Anticipate trade-offs coming out of regulatory concerns. Transactions involving companies that have substantial market shares and that own important industry-standard-setting licenses, permits, processes, and technologies will inevitably attract close attention from regulatory agencies. Indeed, according to our research about one-third of deals announced between 2015 and 2017, and valued at greater than €10 billion, ended up being challenged by the European Commission, or cleared with conditions.
Companies, of course, have legal teams and lobbyists at the ready when pursuing large deals, and most do their homework ahead of time, analyzing market scenarios and looking at how regulators have treated similar industry deals in the past. What’s often missing from deal discussions, however, is an explicit consideration of trade-offs that might need to be made given regulators’ suggested remedies and interventions. A drug company identified opportunities it could seize only if it started the integration process sooner rather than later, so it agreed to divest according to regulators’ requests rather than negotiate with the regulator for an additional six to 12 months and the opportunity to divest fewer assets. How was it able to anticipate this trade-off? By engaging marketing, sales, and other functional leaders in due diligence processes, alongside representatives from legal and finance. In the trade-off between speed and cost, speed won out.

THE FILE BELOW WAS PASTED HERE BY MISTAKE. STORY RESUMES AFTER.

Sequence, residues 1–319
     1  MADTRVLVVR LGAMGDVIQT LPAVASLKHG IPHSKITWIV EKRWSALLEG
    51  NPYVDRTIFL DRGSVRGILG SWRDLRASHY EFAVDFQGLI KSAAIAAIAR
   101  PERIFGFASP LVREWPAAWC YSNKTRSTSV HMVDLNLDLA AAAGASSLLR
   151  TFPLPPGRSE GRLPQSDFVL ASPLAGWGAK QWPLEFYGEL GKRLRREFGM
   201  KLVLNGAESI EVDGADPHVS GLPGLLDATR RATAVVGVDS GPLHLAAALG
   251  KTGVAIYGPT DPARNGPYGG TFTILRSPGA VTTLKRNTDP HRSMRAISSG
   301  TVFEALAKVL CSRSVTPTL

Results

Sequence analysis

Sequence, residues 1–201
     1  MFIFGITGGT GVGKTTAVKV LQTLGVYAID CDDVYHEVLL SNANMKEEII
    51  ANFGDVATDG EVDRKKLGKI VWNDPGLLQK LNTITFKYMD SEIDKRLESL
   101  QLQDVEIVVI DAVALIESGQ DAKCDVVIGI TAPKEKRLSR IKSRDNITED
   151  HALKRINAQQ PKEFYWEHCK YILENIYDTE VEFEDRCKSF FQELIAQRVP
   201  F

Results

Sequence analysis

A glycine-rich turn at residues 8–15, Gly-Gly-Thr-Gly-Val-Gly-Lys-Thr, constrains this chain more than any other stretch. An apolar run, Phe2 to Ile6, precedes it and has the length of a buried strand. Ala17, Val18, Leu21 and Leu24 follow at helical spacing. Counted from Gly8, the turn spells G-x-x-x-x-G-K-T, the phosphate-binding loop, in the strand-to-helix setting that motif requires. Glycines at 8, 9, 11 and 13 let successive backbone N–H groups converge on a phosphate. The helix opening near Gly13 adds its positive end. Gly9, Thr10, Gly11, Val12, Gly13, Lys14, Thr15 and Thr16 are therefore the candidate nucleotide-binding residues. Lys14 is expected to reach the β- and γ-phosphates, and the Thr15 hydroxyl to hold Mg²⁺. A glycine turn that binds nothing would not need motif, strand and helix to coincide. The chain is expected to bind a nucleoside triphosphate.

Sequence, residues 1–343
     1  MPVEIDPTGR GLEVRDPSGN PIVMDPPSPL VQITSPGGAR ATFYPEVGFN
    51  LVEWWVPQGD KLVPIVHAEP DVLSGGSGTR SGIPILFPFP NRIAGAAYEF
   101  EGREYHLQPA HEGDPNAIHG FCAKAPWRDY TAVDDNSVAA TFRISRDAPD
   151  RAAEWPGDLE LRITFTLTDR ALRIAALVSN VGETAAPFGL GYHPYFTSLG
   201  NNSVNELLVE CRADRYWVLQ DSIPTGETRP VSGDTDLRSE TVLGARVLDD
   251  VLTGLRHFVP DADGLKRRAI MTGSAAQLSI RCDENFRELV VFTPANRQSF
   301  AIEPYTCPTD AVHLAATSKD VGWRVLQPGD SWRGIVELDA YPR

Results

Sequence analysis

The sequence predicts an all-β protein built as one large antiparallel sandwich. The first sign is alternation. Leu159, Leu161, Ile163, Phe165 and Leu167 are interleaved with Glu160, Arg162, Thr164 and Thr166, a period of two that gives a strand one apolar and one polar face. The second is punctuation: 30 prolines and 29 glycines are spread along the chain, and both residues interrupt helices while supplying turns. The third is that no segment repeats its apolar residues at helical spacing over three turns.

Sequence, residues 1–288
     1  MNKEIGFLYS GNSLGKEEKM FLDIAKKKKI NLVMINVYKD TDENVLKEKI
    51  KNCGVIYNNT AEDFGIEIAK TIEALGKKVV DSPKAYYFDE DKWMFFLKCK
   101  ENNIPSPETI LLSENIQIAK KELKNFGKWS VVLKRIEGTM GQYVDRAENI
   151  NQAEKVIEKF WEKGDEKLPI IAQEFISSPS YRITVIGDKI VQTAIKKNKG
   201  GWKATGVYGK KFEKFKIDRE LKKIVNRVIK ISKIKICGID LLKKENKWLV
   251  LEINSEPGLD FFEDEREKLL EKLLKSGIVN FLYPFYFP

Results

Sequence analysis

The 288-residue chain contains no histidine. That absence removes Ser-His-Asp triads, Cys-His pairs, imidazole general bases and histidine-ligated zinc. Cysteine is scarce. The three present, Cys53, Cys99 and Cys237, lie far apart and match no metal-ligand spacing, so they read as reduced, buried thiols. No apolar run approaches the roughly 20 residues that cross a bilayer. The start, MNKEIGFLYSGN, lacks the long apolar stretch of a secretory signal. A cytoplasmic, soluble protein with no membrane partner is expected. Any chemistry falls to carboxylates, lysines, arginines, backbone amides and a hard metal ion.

Whenever possible, simpler structures for transactions should be favored over more complex ones—either all cash, or all shares.
Actively monitor the political landscape. Big deals often involve blue-chip companies that are firmly plugged into local and national economies. Think of a company like Amazon or General Motors that is a central source of employment in a large city, for example, or that leads the industry in terms of technology innovation and market share. Governments may use their powers to block transactions involving such companies for any number of reasons—among them, national security issues (particularly in sensitive industries such as defense) and financial concerns (for instance, keeping a large employer in a structurally weak region).
For these reasons, it pays for acquirers to undertake a formal “market intelligence scan” early in the life cycle of the deal to get a sense of key issues relating to jobs, taxes, and investment trends in relevant regions or countries. This process should be jointly managed by the M&A organization and external-communications and investor-relations professionals in the company. In a Chinese manufacturer’s takeover of a German company, for instance, the bidder stated publicly that no plant closures or layoffs would occur within five years of closing. The company made this explicit statement because it wanted to proactively address the concern that it was raiding the target for technology. By committing to long-term job preservation and keeping production and headquarters in Germany, it was able to steer clear of political intervention and complete the deal.
Obviously, the faster that deals get approved, the faster companies can move into the integration process, and the more likely it is that they will meet their acquisition objectives (greater production efficiencies, cost reductions, and so on). But, as our data suggest, unless executives tackle pricing, regulatory, and political challenges with greater forethought and confidence, abandonment will be the more likely outcome.